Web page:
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Shade Wrath of Angels PC Review - -

Gameplay 6.8
Graphics 9.0
Sound 8.0
Value 7.0
Distributor: Red Ant
Review Date:
March 2005
Andrew B


Shade: Wrath of Angels

Shade: Wrath of Angels takes the genre of survival horror gaming from the console world and delivers a sturdy 3rd person perspective of action, horror and adventure to the safety of desktop computers (PC). The title transforms the gamer into the role of an unwilling hero whose younger brother calls for help after a cataclysmic archaeological discovery. Unfortunately for our hero, his brother is nowhere to be found but as he digs deeper into the mystery, he soon discovers that both the forces of heaven and hell have a large stake at his brothers disappearance. In order to rescue our intrepid hero's brother, the player must traverse a variety of realms, timelines and a plethora of undead and holy beings in order to reawaken four ancient spirits to save his brother.

Shadow: Wrath of Angels is a combination of Tomb Raider meets Silent Hill and offers the gamers a mix of traditional survival horror gameplay and also traditional platform gaming. In addition to interacting with basic objects and combat, youíll be able to run, jump and climb your way through the various realms that your character embarks on. As Shade is viewed from a third-person perspective, the player must control the character with both the keyboard and mouse that surprisingly goes hand-in-hand with the gameplay.

Unfortunately, some of the platform elements of the title leave a little to be desired such as jumps and more specifically running jumps which interferes with the gameplay. The most noticeable problem of the title is deciding when and how to jump which often lead to your characters downfall... or more specifically, their instantaneous death which leads to some excruciating gaming mechanics. Apart from this problem, you can also perform a variety of other platform manoeuvres such as climbs, ducks and a plethora of other action-orientated gameplay manoeuvres that is fortunately quite easy to master when compared to the fiddle some jump system.

The combat in Shadow: Wrath of Angels gives the gamer access to a variety of different weaponry with your first weapon being your trusty sword. There are approximately twenty different types of weapons ranging from torches and staffs to more powerful swords and axes. Enemies are quite difficult in Shade, due in large part to their ability to block incoming attacks and deal hefty blows to your character. Lurking in the shadows and behind doors, enemies will often jump in front of you at unexpected moments.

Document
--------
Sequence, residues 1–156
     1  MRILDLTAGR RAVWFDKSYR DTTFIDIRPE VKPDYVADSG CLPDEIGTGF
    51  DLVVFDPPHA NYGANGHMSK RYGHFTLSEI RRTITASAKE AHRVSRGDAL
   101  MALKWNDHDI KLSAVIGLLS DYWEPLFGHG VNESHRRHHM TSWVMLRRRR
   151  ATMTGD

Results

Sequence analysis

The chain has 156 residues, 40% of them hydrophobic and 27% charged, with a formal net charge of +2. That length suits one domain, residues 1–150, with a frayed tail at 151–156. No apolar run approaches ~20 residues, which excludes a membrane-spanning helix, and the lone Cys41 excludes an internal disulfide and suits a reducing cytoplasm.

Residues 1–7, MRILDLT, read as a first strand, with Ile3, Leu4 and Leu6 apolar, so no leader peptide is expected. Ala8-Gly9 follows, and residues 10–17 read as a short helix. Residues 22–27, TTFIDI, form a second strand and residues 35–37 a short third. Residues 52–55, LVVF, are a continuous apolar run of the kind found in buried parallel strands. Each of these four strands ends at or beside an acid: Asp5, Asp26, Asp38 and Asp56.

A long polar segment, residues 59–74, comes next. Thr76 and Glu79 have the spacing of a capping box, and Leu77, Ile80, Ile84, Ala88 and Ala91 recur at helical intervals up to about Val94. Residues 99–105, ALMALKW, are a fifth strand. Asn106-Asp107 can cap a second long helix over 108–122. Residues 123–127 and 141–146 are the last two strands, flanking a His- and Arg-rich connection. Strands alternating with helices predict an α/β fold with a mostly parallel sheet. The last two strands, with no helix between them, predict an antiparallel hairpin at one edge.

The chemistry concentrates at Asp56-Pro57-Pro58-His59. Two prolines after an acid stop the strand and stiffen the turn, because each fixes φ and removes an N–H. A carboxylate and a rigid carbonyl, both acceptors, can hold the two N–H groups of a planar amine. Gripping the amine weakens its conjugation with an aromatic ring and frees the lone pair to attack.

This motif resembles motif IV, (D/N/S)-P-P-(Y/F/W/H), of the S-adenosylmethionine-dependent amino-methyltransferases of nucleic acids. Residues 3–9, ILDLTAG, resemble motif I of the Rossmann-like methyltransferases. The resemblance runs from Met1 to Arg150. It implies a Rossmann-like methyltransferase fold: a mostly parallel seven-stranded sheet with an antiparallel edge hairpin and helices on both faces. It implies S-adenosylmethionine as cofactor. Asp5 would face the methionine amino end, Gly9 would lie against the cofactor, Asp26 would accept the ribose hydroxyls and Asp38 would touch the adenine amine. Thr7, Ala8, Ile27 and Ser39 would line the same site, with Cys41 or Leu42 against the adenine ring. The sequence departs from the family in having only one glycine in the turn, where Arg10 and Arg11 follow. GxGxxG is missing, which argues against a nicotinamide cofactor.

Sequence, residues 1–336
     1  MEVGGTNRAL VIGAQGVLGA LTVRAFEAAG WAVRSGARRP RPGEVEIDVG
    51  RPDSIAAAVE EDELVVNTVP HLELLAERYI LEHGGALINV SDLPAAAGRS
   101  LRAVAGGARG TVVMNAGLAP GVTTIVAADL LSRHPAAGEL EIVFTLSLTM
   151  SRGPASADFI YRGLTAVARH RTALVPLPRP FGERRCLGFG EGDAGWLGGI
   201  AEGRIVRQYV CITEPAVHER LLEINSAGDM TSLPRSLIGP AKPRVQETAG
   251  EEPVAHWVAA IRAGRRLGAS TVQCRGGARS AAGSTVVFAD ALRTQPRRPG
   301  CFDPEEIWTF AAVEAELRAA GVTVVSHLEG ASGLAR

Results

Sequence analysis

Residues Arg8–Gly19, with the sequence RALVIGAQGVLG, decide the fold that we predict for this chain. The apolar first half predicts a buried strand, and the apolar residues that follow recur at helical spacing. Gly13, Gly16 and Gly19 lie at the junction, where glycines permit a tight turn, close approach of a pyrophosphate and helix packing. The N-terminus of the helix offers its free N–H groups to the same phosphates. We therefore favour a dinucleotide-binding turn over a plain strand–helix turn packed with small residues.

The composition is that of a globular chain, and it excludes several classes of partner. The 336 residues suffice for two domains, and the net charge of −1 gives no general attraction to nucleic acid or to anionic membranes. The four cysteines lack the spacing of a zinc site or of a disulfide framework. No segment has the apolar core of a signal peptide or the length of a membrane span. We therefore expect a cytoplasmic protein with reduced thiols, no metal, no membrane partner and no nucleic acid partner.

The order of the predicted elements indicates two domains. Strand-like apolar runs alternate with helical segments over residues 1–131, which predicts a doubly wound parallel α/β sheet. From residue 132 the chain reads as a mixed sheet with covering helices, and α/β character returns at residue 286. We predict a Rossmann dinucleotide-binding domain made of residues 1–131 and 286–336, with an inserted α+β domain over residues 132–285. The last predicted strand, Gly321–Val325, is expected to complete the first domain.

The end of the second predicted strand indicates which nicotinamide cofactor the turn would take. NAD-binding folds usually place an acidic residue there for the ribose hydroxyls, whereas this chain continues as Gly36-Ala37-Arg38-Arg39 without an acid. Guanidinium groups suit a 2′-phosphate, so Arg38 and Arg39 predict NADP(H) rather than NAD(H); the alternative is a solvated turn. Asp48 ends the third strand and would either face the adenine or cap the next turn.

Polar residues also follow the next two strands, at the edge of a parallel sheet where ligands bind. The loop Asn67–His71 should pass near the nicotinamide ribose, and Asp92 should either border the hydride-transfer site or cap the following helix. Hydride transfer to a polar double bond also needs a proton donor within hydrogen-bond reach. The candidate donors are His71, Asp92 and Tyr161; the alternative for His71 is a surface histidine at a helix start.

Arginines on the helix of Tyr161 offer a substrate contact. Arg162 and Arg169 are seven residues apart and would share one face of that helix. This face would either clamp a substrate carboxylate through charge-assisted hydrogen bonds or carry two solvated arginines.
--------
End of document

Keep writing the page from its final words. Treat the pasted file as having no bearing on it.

Youíll soon learn, if you already havenít from other games in the genre, that caution is the key to survival. Weapons donít deal much damage, forcing you to battle enemies with a series of carefully timed attacks and evasive tactics to avoid incoming blows. Although blocking can be done with the right mouse button, itís altogether inconsistent. Circumventing enemy attacks is essential since replenishing your health can only be done at wells of magic placed at specific junctions within the game. By not incorporating any means of healing through items or magic, Shade not only forces you down a scripted path of gameplay, but even dictates when you can heal yourself.

The combat of Shade: Wrath of Angels is made easier through the use of your demon form that gives you enhanced strength and magical powers that can be triggered at any time. Below your health gauge sits a magic meter that regenerates over time, determining how long you can remain in demon form. While in demon form, you are immune to damage, although any incoming attacks will reduce your time in form. In addition to basic attacks, youíll also receive the opportunity to learn magic spells. At scripted intervals, you can purchase spells for use that appear useful, but are ultimately wasted due to the disproportional nature of combat. The added strength of demon form reduces combat into an unbalanced effort to maximize time in this form. Most of your time will be spent battling enemies as a demon, reverting back to human form, running around to refill your magic gauge, and commencing attacks again as a demon.

Graphically, Shade: Wrath of Angels is an extremely solid looking game, with dark, ambient environments that lend well to the genre. The game also features a variety of background environments that include the Present Day (Eastern Europe), the Middle Ages, Ancient Egypt and the Shadow Land that contains some of the nicest looking special effects to grace the PC in a long time. The title also makes use of dynamic lighting that looks quite stunning on high end computers, especially with the latest and greatest graphic cards. With that said, the characters in the game are extremely well rendered and contain a high amount of detail for that extra realism.

The musical score of Shade matches the game perfectly and really helps set the atmosphere of the title that flawlessly changes as you explore the gaming environment. The sound effects also lend to the survival horror genre of the title and the developers have done a brilliant job at recreating the sounds of hell beasts and their kin.

In conclusion, Shade: Wrath of Angels wins in some places and unfortunately loses in other parts because it didn't quite achieve the gaming level of other survival horror games in the console world. Despite its technical flaws, Shade: Wrath of Angels is still a title that can be enjoyed thanks to its stylish, atmospheric presentation that truly make use of the PC's ability to display a wide range of graphics.


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